Exposed: Voyeurism, Surveillance and the Camera


Written by Ellie Wallis
31 Monday 31st May 2010

The Tate Modern’s new exhibition, Exposed: Voyeurism, Surveillance and the Camera is a fascinating look at the use of documentary photography over the last century. It questions the medium, the integrity and motives of the people behind the cameras as well as your own sense of what is ok to look at and what makes us feel uncomfortable. It also opens up debate about the use of cameras in the modern world we live in and in the cities we inhabit. CCTV is a hot topic of discussion in recent times, and even for the Queen, it’s an issue on her mind, or should I say, on the minds of the Conservatives.

The truth is that we are under surveillance 24/7. Perhaps not when we are asleep, as far as we know, but as soon as you leave your front door up until you return home that evening, you have been watched more times than Die Hard. The UK has the most cameras per person than anywhere else in the world. A recent estimate claimed that there was one camera to every 14 people and there are 61 million people in the UK so it’s getting scarily like the Truman Show. The debate over security verses privacy is starting to come to a head as a recent survey estimated that Londoners are monitored by at least 500,000 CCTV cameras, but does this limit our sense of freedom or empower us on our streets?
Personally I feel secure in the fact that I can walk down my road in Brixton at midnight and feel safe because the street is covered by CCTV. What does not sit as well is the reasons why those cameras were needed in the first place. Is Britain hiding behind the CCTV debate and not addressing the reasons why they are there in the first place?
In last week’s Queen’s speech addressing the new coalition government, she said that the national identity card scheme was going to be scrapped. This is likely to happen in the next year or so but in many ways we as individuals are being recorded, both in the streets by cameras, and our movements online. The card scheme would have proved too expensive and difficult to manage but our government does want us to be counted for.
Is this documenting a real threat to us, or should we just accept the fact that our country sees these measures as important in securing our well-being and safety? I accept the fact that cameras are there, and that as individuals we leave an imprint, when we visit sites on the internet, when we move around in our daily lives. If you’re a good citizen then you should have nothing to worry about.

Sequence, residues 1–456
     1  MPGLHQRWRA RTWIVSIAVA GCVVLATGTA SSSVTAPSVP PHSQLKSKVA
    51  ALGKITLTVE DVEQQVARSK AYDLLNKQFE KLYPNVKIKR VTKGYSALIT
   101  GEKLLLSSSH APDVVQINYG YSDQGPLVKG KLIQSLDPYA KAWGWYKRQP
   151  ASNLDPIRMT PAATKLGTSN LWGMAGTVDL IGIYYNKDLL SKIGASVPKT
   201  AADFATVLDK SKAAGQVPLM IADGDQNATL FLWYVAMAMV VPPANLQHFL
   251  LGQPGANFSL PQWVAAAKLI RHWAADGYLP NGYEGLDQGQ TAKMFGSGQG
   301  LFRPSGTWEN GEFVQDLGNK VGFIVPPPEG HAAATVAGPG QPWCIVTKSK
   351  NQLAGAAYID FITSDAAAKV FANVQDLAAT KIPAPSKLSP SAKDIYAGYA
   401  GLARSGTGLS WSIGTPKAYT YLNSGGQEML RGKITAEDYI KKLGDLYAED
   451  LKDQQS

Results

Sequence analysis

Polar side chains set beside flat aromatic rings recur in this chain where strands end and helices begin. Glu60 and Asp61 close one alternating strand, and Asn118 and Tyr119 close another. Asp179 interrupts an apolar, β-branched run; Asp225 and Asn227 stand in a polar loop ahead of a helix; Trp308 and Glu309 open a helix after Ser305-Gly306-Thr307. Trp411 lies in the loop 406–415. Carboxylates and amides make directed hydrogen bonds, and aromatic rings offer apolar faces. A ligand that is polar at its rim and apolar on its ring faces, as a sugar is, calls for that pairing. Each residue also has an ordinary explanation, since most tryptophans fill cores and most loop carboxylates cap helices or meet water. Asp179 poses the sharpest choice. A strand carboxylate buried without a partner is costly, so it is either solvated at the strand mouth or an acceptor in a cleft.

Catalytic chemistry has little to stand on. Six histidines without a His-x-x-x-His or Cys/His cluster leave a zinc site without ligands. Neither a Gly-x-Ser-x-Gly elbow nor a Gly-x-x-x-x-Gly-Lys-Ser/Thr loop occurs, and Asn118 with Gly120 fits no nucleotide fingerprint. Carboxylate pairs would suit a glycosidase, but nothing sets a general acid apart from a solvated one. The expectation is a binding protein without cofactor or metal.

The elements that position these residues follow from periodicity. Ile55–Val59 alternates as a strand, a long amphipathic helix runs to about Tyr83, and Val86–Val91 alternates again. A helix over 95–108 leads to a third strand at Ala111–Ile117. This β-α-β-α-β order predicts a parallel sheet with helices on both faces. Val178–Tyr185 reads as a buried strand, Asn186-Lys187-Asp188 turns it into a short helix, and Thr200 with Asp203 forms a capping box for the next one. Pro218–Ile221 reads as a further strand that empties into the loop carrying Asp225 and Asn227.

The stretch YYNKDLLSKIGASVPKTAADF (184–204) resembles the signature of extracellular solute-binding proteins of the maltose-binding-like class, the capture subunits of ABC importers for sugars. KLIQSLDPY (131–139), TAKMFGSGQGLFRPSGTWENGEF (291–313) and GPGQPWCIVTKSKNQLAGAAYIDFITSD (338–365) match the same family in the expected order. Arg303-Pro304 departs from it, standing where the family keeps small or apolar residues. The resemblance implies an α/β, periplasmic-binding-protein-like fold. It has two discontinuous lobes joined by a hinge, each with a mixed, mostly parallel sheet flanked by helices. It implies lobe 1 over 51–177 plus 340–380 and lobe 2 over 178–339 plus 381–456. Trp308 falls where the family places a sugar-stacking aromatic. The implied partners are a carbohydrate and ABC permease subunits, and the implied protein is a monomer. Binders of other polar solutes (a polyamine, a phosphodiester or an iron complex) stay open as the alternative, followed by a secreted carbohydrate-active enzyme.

It’s sad that we live in this surveillance state, but unfortunately there are bad people out there who need to be held accountable for. Without CCTV the Ipswich strangler, Steven Wright might never have been caught. And without the use of DNA databases, a DNA sample taken from him years earlier would not have existed in order to provide a match to the DNA found on the bodies of the girls. This stuff works and it makes for a better society. In order to stay ‘safe’ we have to give up a small piece of our freedom. This may feel for some that we are all seen as potential criminals but I would rather have it that way that feel unsafe in daily life. The Crime and Security Act passed this year allows police to retain DNA samples from a person who has been arrested but not charged for six years. That may seem pretty unfair if you are indeed an innocent citizen but that in itself is a deterrent from getting in a situation which might lead to an arrest. People still don’t seem to realise that we are all responsible for our actions. If you don’t want to be on a register don’t get arrested and don’t break the law. The consequences could be far more severe in another country.
Without permission we are ‘exposed’ everyday, and on another level, which is challenged in the new exhibition, we are as humans exposed. Our true nature stripped bare for all to see wincing at the painful truth. We are so far from the dreams of utopianism, and the visions that religions aspire to. Harmony and goodness find it increasingly hard to shine through in this modern land, and always have. Are just too flawed in our make-up? It’s not all doom and gloom. We are as individuals able to make a certain amount of decisions, or are able at present to do so. We can travel freely, live and work in different countries. Buy a boat and sail around the world. How many people can actually claim to be able to do that in countries far less privileged that our own? We may be under surveillance but it’s our choice as to whether we wish to step in and out of the limelight. It’s our show so go out and enjoy it.


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